Summer in Japan is the time for many festivals. One such festival which takes place in summer is the Nebuta Matsuri.
This festival is believed to be a combination of Tanabata and O-bon festivals and includes traditional folk events. There are many folklores about the origin of the Nebuta festival. One version says that it originated in a bid to drive away the "demon" of drowsiness or sleepiness, Nemutashi, which was a major hindrance for people in doing their farm work. Another version goes that the general of today's Aomori region, Sakanoue No Tamuraro, hid his soldiers in gigantic dolls called "Nebuta" and successfully drove his enemies.
Nebuta floats, in old days known as "Toro" are made of a wooden or bamboo base and covered with paper, coloured with designs and lighted with hundreds of bulbs from the inside.
Most of these floats are made to look like gigantic warriors, true to the traditional purpose of frightening the enemy.
Some floats are painted with pictures of birds, beasts or mythical creatures.
The colourful floats are pulled in a parade like procession through the streets with people accompanying them singing and dancing to the tune folk music played with flutes and drums.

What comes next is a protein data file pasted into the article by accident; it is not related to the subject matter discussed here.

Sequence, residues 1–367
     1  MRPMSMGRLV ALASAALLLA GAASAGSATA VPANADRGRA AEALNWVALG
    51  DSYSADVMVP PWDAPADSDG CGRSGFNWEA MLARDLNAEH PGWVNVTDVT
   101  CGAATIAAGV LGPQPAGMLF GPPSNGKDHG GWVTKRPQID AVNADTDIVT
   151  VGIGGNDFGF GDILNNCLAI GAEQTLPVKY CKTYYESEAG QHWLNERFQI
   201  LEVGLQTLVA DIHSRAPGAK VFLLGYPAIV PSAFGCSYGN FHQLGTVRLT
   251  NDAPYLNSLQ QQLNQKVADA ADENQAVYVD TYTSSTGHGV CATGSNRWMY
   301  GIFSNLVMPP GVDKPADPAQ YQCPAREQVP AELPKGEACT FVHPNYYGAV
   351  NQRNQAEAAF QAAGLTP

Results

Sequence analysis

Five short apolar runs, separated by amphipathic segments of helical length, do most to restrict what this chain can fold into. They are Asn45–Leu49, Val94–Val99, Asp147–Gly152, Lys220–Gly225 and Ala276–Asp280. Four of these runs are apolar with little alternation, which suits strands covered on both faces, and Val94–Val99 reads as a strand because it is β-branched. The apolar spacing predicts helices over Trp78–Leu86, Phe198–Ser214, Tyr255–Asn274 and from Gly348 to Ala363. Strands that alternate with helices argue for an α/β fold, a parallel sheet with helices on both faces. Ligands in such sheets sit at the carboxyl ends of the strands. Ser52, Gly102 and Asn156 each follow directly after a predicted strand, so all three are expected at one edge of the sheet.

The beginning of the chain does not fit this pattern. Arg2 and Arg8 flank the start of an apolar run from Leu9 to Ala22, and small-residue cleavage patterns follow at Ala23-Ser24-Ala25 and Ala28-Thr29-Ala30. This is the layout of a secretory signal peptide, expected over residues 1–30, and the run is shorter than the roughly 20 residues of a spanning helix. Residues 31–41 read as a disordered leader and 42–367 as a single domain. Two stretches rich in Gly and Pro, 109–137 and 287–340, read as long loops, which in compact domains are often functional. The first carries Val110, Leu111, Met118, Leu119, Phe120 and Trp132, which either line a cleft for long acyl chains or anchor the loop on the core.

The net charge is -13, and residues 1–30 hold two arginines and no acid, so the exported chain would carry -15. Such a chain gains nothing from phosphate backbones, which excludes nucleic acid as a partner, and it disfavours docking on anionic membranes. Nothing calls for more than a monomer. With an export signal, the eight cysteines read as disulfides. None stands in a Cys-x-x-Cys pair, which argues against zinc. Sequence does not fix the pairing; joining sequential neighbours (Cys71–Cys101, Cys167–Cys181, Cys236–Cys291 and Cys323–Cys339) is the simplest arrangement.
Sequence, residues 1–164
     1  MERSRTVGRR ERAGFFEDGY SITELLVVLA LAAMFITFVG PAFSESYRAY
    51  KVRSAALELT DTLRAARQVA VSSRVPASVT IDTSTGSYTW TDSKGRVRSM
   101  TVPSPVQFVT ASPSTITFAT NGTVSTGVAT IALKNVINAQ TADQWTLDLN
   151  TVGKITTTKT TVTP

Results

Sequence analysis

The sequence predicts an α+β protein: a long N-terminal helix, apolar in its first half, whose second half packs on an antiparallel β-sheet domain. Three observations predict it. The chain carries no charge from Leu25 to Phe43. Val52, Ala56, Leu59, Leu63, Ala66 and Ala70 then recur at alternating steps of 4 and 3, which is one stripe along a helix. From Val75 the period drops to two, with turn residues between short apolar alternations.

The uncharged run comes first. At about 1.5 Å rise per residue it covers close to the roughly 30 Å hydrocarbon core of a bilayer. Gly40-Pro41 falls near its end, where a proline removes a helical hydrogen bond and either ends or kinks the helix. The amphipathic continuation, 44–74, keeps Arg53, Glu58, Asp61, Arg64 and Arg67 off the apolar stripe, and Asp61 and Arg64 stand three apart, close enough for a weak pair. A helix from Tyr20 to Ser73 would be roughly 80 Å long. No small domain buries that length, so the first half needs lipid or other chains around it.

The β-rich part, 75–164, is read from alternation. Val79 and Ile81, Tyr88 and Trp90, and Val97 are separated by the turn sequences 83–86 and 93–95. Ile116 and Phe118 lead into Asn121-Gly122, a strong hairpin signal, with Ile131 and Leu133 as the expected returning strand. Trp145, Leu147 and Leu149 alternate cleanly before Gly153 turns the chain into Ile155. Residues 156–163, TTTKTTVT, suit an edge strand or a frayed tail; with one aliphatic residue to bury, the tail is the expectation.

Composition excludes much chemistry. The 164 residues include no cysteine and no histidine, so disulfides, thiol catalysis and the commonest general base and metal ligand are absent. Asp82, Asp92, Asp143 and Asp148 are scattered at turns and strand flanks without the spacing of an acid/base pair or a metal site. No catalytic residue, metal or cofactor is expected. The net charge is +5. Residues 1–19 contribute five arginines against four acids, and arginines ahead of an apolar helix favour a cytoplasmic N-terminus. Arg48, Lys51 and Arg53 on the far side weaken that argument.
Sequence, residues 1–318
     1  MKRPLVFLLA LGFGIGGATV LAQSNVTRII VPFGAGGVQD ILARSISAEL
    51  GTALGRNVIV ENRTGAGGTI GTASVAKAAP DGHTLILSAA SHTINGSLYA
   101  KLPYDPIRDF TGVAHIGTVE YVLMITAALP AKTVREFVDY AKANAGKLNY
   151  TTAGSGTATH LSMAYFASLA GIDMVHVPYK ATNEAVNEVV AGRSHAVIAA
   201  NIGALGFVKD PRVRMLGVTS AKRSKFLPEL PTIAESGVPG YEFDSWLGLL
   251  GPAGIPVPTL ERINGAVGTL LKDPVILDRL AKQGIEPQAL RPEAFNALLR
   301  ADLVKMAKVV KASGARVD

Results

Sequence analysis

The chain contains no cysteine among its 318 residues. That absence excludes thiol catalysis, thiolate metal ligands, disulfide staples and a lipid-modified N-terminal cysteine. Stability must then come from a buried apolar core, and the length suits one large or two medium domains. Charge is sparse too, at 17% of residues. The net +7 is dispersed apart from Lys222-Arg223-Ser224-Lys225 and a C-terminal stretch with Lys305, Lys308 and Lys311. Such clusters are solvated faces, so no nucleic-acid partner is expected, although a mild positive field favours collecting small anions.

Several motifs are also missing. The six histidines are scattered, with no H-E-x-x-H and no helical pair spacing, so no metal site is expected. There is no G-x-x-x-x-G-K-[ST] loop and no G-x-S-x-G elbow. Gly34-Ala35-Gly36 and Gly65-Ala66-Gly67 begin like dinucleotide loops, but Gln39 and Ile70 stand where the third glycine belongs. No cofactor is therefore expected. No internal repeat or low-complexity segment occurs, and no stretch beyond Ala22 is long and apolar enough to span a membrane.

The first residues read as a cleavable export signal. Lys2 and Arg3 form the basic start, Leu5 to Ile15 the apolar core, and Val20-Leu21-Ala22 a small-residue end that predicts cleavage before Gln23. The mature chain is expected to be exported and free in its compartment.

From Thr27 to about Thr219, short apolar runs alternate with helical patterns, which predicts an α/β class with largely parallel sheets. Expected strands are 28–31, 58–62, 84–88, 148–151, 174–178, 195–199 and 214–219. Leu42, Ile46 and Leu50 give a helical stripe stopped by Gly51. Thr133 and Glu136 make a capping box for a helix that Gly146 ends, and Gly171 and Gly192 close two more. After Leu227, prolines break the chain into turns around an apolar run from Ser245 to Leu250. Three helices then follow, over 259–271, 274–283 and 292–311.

In many places these are taken out to the sea and made to float.
Nowadays various groups participate in the Nebuta parade. Prizes are awarded to the best processional group selected from all participating groups. All participants are required to wear a specific costume and a traditional hat called "Negasa".
The Nebuta festival is held in early August each year. The Nebuta festival is generally held in Tohoku region in northern Japan, with the Aomori Nebuta festival being the most famous of all. The images on this post are from the Nebuta festival held at Iwaki city's Yotsukura beach in August 2010. The Aomori Nebuta festival is much grander in its festivities and turnout.